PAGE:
ERIC Number: ED430739
Record Type: Non-Journal
Publication Date: 1999
Reference Count: N/A
Battle for the Soul: Metis Children Encounter Evangelical Protestants at Mackinaw Mission, 1823-1837.
Widder, Keith R.
In 1823, evangelical missionaries William and Amanda Ferry opened a boarding school for Metis children on Mackinac Island, Michigan Territory, hoping to convert and transform the Metis people through their children. Instead, they helped bring about a revival of Catholicism, and their students refused to abandon the fur trading lifestyle. Chapter 1 relates the origin of the Metis through intermarriage when the French came to live and trade with the Chippewa in the Great Lakes area, and details the nature and characteristics of Metis' family life as an important part of the bicultural "middle ground" that bound together those in the fur trade. Chapter 2 describes how the evangelist desire to take the gospel to lost souls everywhere coincided with the expansionist attitude driving other Americans at the time. While the Ferrys' intentions were spiritual, they served as agents of acculturation. Chapter 3 follows the Metis' role as middle ground through French and English influences, and discusses the importance of their "folk Catholic" faith. Evangelical Protestant Christianity introduced a new, potentially explosive element into the Mackinac fur trading society. Chapter 4 describes the controversy between Catholics and Protestants at Mackinac as a conflict between two different world views. Catholicism responded by renewing its influence, and when the American leaders left, the Presbyterian Church ceased. Chapter 5 explores how common cultural concepts of the family unit allowed the mission's construct as a family in which Metis children and evangelical missionaries lived together. The missionaries unwittingly structured the school to ensure that their students would incorporate new ideas without rejecting their existing world view. The afterword tells of the closing of the mission and why the American Metis failed to develop a national identity, as happened in Canada. Appendices include a partial listing of students at the Mackinaw Mission, a list of missionaries to Mackinac and Lake Superior from 1822 to 1837, student letters containing conversion accounts, and an annotated sketch of the war between the Chippewa and Sioux. Contains extensive notes, 365 references, illustrations, maps, and an index. (TD)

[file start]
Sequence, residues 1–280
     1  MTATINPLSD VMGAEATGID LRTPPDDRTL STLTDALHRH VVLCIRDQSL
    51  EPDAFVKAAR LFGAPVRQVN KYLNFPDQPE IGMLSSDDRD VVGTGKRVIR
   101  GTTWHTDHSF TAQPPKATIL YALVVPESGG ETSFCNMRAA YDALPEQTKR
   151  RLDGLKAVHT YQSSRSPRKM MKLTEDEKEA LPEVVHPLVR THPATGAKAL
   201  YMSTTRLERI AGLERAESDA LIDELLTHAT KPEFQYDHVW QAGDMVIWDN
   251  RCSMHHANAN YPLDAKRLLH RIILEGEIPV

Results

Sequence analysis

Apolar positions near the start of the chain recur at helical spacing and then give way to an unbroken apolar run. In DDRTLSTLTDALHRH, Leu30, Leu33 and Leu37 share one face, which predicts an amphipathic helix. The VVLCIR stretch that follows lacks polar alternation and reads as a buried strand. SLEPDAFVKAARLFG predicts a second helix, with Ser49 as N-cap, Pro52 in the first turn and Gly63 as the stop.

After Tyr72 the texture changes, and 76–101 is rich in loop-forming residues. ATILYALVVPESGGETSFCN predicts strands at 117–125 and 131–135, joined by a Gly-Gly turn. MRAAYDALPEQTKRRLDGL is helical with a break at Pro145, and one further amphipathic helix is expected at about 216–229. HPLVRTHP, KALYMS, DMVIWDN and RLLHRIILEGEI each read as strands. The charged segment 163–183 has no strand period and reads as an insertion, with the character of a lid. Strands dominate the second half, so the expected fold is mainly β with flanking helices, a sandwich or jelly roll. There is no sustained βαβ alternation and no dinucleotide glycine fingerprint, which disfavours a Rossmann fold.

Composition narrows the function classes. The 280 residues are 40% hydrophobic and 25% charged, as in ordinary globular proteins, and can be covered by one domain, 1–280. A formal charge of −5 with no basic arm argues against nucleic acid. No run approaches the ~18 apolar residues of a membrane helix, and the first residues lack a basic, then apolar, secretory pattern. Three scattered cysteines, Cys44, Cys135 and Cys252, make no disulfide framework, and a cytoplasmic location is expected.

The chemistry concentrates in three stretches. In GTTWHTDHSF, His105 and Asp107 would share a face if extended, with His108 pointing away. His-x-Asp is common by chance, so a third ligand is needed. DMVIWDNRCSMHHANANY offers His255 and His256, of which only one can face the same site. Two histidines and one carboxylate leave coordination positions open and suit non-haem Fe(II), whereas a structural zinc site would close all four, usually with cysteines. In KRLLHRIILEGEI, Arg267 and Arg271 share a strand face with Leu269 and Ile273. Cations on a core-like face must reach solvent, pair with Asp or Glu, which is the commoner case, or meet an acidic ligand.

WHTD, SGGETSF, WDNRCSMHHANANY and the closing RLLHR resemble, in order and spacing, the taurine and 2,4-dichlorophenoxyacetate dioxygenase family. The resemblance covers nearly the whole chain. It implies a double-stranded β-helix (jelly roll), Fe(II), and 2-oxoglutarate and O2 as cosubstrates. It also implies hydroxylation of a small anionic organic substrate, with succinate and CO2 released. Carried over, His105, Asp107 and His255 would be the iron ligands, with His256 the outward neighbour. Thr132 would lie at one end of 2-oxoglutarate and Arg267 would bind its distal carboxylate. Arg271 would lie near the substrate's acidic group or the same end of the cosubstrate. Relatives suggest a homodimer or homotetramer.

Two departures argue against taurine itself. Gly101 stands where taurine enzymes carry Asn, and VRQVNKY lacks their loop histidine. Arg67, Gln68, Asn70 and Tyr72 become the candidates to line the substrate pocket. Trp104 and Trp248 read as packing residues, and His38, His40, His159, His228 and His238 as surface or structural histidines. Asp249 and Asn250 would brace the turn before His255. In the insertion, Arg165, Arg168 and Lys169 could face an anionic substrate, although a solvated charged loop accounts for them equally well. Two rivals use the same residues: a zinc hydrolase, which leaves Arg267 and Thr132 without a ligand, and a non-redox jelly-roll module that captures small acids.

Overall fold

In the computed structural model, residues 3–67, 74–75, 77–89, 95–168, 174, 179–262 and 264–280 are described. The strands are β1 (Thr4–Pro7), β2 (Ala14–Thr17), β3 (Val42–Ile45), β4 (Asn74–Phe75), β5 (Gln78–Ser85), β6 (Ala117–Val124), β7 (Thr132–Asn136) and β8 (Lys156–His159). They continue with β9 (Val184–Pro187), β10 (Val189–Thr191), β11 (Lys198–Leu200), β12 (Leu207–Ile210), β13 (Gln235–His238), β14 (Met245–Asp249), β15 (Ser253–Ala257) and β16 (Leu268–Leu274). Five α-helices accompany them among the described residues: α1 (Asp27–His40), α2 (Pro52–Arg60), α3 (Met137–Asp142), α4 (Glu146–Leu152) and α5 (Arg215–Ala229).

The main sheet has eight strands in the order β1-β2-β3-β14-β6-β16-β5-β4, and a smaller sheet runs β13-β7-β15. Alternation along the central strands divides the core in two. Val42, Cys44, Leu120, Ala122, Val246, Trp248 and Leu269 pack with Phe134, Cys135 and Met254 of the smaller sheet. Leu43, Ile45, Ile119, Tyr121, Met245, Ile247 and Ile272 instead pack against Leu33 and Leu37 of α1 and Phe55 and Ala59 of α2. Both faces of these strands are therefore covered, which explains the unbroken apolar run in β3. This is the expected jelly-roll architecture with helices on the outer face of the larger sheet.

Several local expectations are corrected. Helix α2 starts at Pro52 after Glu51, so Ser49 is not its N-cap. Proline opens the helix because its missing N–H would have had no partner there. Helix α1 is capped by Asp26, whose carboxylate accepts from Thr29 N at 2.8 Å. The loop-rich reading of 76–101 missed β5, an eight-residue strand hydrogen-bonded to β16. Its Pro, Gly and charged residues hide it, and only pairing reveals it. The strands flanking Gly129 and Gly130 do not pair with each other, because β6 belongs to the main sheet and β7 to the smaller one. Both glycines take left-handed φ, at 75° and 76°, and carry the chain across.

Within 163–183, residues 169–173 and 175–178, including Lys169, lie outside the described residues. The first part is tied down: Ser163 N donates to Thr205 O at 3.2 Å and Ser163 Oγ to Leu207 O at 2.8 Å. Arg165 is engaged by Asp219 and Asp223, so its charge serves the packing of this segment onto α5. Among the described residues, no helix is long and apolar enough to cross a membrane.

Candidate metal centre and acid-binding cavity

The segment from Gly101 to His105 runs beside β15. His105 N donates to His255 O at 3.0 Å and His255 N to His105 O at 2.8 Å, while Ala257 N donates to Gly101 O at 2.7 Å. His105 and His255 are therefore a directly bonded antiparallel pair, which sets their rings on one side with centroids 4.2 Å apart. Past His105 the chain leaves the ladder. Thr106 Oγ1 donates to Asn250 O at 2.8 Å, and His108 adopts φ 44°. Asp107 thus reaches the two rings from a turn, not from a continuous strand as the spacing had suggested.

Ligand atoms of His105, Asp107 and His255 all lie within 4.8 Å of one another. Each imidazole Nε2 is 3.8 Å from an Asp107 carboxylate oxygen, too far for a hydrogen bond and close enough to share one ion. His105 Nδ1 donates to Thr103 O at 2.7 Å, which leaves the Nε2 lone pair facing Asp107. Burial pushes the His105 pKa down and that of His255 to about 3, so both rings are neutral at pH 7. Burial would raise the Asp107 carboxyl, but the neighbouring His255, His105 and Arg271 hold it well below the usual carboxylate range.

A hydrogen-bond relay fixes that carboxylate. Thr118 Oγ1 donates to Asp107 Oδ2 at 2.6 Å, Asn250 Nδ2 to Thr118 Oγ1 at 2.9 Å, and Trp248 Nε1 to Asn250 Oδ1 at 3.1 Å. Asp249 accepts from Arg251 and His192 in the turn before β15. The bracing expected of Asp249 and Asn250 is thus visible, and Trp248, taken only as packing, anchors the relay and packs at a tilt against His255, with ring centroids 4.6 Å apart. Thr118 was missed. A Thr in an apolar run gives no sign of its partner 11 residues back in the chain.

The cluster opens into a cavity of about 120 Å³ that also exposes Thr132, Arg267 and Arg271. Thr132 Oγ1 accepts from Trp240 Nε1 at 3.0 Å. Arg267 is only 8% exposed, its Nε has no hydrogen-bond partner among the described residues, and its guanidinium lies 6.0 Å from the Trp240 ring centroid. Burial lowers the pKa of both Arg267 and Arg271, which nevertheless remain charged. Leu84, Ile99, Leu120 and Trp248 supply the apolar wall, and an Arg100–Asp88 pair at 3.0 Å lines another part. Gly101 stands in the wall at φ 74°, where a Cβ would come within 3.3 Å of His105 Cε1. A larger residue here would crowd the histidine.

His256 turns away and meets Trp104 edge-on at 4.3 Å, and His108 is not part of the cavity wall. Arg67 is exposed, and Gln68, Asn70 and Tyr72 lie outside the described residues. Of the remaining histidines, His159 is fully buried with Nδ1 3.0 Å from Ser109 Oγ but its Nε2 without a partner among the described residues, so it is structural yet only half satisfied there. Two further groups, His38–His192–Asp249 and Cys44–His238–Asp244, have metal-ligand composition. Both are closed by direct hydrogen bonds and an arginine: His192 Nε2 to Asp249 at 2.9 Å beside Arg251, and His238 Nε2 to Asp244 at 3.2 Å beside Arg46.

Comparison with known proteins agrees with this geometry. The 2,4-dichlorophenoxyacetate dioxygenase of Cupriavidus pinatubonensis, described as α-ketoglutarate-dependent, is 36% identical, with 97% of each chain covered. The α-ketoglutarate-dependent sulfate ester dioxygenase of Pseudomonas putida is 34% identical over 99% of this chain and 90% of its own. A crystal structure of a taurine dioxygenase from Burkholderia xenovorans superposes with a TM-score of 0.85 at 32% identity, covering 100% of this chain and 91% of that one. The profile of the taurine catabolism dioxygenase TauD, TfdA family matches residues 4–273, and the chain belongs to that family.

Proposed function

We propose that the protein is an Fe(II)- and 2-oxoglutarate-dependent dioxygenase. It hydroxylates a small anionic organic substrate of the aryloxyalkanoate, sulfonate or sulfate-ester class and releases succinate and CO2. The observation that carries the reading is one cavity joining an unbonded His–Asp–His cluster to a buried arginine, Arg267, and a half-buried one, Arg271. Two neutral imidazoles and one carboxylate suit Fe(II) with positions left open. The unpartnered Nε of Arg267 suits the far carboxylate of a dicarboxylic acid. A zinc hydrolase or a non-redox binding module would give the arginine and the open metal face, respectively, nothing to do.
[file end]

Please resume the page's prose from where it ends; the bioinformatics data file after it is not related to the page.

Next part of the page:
Descriptors: Acculturation, American Indian Education, Boarding Schools, Catholics, Chippewa (Tribe), Cultural Differences, Cultural Exchange, Elementary Secondary Education, Family Life, Metis (People), North American History, Protestants, Social History, World Views
Michigan State University Press, 1405 South Harrison Rd., Suite 25 Manly Miles Building, East Lansing, MI 48823-5202; Tel: 517-355-9543 ($24.94).
Publication Type: Books; Historical Materials
Education Level: N/A
Authoring Institution: N/A
Identifiers - Location: Michigan